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Public to have more say on hospital care

Patients will soon be able to provide more feedback on the care they receive in public hospitals, as part of the government’s drive to improve the quality of health services.

 
 

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PATIENTS will soon be able to provide more feedback on the care they receive in public hospitals, as part of the government’s drive to improve the quality of health services.

Health Minister Tony Ryall says a new national patient survey will be rolled out to all New Zealand public hospitals from mid next year and the results will be published regularly.

“Patient feedback is a vital indicator of how well health services are working for patients and their families,” says Mr Ryall.

“The new national patient survey will provide invaluable information for district health boards (DHBs) about what they are doing well and what areas they could improve.

“It will be the first time this information has been collected and measured in the same way across the whole country. The results will be publicly reported – we have found this to be one of the most effective ways to lift the quality of care in our public hospitals,” says Mr Ryall.

Associate Health Minister Jo Goodhew says other countries, including Britain, have introduced patient experience surveys and we are modelling our survey questions on international best practice.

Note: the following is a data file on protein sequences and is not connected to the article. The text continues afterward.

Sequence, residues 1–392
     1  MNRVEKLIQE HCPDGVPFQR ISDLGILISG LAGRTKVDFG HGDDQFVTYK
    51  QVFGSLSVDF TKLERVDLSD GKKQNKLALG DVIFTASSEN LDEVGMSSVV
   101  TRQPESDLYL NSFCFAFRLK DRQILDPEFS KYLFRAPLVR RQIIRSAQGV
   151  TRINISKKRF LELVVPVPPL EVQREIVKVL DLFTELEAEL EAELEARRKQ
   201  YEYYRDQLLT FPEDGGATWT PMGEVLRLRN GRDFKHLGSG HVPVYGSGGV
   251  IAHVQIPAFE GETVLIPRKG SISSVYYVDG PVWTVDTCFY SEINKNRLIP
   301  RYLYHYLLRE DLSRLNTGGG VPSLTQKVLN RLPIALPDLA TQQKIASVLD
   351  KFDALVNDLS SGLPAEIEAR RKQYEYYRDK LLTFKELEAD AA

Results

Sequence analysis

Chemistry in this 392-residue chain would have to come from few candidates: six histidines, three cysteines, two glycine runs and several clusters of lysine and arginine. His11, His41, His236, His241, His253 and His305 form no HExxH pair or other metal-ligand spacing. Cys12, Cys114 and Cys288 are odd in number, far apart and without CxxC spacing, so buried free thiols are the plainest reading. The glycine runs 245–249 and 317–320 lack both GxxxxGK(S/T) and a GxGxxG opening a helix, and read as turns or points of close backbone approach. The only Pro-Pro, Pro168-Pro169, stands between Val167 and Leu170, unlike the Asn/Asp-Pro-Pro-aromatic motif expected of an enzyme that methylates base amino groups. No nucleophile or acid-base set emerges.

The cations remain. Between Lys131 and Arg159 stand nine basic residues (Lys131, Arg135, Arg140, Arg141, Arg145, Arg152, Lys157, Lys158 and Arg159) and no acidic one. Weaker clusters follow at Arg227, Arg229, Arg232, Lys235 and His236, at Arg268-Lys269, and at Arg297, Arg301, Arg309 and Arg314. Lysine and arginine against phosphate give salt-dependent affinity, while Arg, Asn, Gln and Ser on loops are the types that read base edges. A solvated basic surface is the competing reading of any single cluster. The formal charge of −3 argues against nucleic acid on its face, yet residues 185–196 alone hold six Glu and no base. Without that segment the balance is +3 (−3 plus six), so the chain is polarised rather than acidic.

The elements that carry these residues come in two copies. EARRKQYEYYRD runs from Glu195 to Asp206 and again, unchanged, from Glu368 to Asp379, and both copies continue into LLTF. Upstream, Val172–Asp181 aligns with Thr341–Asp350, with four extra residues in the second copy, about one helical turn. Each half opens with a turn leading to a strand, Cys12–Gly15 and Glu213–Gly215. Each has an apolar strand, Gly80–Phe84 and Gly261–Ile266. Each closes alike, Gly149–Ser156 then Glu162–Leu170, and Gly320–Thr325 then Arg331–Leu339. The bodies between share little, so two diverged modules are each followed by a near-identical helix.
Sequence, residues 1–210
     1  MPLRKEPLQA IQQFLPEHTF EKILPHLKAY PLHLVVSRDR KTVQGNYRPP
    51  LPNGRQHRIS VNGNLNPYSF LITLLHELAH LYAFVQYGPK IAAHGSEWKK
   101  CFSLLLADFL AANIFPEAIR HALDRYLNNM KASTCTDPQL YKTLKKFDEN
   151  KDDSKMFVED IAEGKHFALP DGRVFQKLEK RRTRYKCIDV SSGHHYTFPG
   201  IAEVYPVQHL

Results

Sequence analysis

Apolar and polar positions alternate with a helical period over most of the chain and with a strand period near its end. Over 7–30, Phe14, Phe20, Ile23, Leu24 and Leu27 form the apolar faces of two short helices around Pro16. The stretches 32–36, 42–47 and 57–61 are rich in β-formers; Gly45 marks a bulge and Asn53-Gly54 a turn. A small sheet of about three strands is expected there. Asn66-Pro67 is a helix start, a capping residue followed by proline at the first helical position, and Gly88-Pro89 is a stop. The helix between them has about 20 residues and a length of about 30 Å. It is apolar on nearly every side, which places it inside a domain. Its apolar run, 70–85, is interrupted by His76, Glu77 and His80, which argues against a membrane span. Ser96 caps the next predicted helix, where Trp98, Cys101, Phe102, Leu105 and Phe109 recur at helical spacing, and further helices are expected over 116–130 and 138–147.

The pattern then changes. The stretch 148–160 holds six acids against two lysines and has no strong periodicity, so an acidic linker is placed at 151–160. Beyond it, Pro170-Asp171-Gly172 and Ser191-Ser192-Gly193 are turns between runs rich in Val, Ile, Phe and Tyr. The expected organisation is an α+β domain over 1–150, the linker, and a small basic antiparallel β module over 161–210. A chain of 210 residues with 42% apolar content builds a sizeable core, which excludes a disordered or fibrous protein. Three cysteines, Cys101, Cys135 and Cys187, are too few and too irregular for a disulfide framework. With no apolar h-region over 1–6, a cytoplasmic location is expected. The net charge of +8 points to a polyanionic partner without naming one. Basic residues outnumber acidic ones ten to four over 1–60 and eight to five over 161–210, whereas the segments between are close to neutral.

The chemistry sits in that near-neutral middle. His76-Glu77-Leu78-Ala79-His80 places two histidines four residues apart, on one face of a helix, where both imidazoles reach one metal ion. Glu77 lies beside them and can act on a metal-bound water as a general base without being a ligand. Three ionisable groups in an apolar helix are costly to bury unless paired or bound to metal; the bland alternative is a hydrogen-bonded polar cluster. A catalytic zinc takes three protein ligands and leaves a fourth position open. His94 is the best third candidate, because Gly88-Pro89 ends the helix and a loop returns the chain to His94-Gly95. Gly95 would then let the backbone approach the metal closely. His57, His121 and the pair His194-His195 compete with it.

“The survey will look at four key areas – communication, partnership, coordination and physical and emotional needs. There will be up to five questions for each area which patients will answer using a 10-point scale,” says Mrs Goodhew.

“The survey is still being developed by the Health Quality & Safety Commission and the Ministry of Health. In the coming months consultation with health professionals will take place and a couple of DHBs will pilot the survey before the national roll out.

“This initiative continues the Government’s track record of improving the transparency of the public health services. It builds on our Open for better care campaign which challenges health professionals to be open to acknowledging mistakes and learning from them,” says Mrs Goodhew.

 
 

 
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